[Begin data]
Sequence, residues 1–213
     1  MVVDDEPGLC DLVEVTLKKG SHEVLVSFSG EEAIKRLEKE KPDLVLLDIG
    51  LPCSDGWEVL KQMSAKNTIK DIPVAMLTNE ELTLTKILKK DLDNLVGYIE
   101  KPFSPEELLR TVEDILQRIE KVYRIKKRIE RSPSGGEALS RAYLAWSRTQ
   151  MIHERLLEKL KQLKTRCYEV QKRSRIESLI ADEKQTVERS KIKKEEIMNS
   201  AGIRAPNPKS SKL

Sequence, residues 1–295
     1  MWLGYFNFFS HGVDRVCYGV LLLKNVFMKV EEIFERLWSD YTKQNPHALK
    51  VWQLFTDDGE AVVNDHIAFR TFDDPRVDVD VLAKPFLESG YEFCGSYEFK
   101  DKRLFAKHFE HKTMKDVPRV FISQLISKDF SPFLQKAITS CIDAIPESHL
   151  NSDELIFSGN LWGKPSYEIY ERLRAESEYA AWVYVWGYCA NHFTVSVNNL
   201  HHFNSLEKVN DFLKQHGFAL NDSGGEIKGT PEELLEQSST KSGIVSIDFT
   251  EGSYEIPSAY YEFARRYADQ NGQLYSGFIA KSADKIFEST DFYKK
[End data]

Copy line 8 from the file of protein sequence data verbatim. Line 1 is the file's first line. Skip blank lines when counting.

     1  MWLGYFNFFS HGVDRVCYGV LLLKNVFMKV EEIFERLWSD YTKQNPHALK